I have been delighted to see the many ideas discussed in response to that blogpost. I encourage you to keep them coming!
Following that initial post, I worked with the White House Director of New Media, Macon Phillips, and the Director of Online Engagement, Katelyn Sabochik, to set up a conference call, inviting those who voted for the Yes We Scan petition (about 2,500 signers total) to further discuss this important issue and hear your ideas on how to move forward.
Sitting on the call with me were Mike Wash, NARA’s CIO; Pamela Wright, our Chief Digital Access Strategist; and Jill James, our Social Media Manager.
Eighty-five people from all over the country dialed in for the call. Eighteen participants asked questions. I want to thank you for taking the time to call in and to let us know your thoughts.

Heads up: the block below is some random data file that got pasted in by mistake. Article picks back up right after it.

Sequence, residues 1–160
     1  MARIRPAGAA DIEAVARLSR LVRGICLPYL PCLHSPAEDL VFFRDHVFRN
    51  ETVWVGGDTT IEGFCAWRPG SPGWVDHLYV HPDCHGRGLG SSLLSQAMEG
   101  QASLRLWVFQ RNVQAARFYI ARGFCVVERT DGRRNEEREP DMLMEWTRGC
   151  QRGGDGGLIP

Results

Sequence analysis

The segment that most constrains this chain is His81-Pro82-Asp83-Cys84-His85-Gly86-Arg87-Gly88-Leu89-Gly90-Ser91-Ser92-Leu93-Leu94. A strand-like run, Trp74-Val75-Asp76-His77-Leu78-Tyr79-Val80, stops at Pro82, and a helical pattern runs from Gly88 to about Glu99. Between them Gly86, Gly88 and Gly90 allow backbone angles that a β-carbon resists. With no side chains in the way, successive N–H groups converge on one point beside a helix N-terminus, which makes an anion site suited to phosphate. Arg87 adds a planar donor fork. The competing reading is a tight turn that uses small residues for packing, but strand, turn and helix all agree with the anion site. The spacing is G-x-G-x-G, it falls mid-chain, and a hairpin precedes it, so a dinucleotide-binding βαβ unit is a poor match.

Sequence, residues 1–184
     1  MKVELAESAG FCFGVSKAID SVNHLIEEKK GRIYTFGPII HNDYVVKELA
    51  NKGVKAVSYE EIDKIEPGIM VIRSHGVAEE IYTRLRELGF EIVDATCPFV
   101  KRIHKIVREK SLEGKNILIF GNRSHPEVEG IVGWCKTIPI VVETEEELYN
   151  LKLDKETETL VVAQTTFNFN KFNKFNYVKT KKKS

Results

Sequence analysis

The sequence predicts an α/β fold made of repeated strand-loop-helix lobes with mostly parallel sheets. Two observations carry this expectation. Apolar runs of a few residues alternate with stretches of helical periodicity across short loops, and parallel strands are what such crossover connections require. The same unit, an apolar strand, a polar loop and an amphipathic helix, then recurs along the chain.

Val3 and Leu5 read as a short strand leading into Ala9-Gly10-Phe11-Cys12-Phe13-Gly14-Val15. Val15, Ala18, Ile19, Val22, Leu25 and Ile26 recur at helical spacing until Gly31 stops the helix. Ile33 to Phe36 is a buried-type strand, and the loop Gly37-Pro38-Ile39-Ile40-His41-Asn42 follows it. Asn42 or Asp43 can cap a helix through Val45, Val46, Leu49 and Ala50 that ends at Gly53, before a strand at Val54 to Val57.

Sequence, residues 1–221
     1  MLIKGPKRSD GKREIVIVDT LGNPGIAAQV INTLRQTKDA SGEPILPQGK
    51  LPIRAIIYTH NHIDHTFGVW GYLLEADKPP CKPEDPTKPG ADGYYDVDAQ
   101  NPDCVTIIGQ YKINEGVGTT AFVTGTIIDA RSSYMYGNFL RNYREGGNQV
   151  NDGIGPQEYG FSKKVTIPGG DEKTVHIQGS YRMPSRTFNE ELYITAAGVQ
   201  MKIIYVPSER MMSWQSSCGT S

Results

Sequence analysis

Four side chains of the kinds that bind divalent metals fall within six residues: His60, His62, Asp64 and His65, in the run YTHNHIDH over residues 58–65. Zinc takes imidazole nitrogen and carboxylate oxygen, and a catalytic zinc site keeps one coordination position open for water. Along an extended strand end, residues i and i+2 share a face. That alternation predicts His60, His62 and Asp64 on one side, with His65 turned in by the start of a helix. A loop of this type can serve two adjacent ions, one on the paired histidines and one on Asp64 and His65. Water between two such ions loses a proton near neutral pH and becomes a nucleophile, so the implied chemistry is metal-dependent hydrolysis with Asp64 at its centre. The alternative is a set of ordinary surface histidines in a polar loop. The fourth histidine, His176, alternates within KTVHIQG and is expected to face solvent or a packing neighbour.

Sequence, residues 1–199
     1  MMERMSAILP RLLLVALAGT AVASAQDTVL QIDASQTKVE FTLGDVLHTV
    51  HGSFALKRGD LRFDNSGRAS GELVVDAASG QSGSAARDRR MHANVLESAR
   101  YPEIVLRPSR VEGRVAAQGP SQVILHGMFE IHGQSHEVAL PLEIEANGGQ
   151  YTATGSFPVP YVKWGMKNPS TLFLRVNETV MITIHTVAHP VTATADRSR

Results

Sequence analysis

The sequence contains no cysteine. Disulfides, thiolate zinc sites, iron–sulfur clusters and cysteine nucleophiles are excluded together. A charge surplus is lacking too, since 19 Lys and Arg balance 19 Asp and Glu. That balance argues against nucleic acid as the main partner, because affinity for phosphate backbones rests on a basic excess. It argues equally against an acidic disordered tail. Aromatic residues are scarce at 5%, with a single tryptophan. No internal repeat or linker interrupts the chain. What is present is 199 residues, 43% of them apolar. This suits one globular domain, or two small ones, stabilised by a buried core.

The topics included questions on everything from the magnitude of the task as hand (fyi … [ Read all ]
I had an opportunity to provide the keynote address at a recent meeting of the Association of Library and Information School Education (ALISE). The Association has been active since 1915 in providing a forum for archive and library educators to share ideas, to discuss issues, and to seek solutions to common problems.
As I have been traveling to meet National Archives staff I have made an effort to meet with students and faculty at the graduate programs around the country to educate them about who we are and where we are headed. My goal is to excite them about opportunities to work in the Federal Government, especially my agency. So the ALISE program was a great opportunity to meet with a group of students, faculty, and deans—all in one room—and to encourage them to think about their teaching and research programs and how they meet the needs of the next generation of information professionals.